# Can I guess an irrational number formula from its digits?

Let us say I have 10,000 digits started from some point (lets say the 16th digit) of the decimal expansion square root of some arbitrary number, like 13. Is there any way I can get back the original formula, which was sqrt(13) ? Can anyone provide some mathematical proofs that have been done regarding this subject?

• Are we presuming that the irrational number has a closed form formula to begin with? Most irrational numbers do not have a closed form which can be written down at all! Nov 27 '15 at 21:28
• Yeah. (word count) Nov 27 '15 at 21:51
• en.wikipedia.org/wiki/Integer_relation_algorithm Nov 27 '15 at 22:06
• Although you can never be certain this can give you a pretty good guess. Nov 27 '15 at 23:31

If the irrational number is algebraic of degree two (i.e. is a root of a quadratic polynomial with integer coefficients), then there is a fairly reliable way to make an informed guess about the original value. Your sample case falls into this category, being equal to $10^{16} \sqrt{13} - n$ for some integer $n$. It's important to note that the vast majority of irrational numbers don't fall into any special category, let alone this particular one.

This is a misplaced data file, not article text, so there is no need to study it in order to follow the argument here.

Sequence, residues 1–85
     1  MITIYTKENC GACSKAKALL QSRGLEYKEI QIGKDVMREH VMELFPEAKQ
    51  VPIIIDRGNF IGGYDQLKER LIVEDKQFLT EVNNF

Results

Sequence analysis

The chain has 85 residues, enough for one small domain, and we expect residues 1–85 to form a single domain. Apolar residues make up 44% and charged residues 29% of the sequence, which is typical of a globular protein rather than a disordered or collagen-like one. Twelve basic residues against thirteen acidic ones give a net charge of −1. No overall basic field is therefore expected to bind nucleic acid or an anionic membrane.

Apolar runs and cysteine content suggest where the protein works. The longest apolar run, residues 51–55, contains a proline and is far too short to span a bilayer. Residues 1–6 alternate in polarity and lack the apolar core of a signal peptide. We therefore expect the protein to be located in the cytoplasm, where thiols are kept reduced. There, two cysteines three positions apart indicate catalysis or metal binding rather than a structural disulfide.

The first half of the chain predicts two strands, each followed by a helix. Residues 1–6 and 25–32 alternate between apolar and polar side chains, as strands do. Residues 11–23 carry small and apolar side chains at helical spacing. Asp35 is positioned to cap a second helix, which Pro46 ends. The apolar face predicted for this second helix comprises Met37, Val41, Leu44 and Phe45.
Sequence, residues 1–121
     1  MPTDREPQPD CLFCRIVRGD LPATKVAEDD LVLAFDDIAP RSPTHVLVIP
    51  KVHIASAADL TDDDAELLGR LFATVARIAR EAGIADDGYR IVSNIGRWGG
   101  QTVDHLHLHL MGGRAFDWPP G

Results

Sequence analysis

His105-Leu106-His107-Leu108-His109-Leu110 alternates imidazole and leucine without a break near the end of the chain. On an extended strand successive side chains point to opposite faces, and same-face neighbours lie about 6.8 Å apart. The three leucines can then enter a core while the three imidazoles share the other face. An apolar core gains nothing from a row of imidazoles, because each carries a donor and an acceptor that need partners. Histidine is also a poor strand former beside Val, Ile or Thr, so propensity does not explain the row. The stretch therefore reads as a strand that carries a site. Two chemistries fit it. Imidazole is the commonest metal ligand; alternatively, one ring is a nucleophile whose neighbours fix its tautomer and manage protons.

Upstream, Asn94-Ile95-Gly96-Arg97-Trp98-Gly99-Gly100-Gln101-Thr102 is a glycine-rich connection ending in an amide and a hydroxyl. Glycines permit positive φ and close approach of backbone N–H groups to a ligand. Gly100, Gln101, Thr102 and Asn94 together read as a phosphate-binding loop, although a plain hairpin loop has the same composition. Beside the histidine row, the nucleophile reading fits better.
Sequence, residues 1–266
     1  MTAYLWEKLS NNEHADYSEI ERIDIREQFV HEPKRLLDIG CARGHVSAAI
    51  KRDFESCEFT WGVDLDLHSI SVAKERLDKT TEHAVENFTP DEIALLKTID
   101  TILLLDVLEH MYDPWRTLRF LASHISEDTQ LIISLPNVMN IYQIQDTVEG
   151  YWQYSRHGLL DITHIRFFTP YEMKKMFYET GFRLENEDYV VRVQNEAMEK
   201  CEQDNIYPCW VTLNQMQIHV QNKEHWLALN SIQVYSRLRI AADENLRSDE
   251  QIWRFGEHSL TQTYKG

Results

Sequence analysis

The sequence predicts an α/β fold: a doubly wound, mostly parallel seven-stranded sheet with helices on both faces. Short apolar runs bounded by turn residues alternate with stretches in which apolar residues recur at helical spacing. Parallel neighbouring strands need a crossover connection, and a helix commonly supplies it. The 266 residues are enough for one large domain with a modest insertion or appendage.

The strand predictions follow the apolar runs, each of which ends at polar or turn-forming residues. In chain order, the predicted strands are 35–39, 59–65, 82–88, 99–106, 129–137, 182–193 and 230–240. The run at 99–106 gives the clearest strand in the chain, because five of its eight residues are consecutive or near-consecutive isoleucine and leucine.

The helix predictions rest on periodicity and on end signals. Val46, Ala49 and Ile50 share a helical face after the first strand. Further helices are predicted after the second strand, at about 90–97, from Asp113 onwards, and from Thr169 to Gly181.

You will want to look up continued fractions. If the irrational is of the very special type I described above, then the continued fraction will be eventually periodic (infinitely repeating), very analogous to a decimal expansion being periodic for rational numbers.

Now, granted, if you only have a finite number of digits you can only extract a finite number of terms in the continued fraction expansion, so you can never have enough precision to be absolutely sure of the number's identity. Nevertheless, if you have 10000 digits you can likely extract thousands of terms. If you see that the terms look like, say,

$$[3; 1, 4, 1, 5, 9, 2, 6, 5, 3, 5, 8, 9, 7, 9, 3, 23, 8, 4, 3, 23, 8, 4, 3, 23, 8, 4, 3, 23, 8, 4, 3, 23, 8, 4, \ldots]$$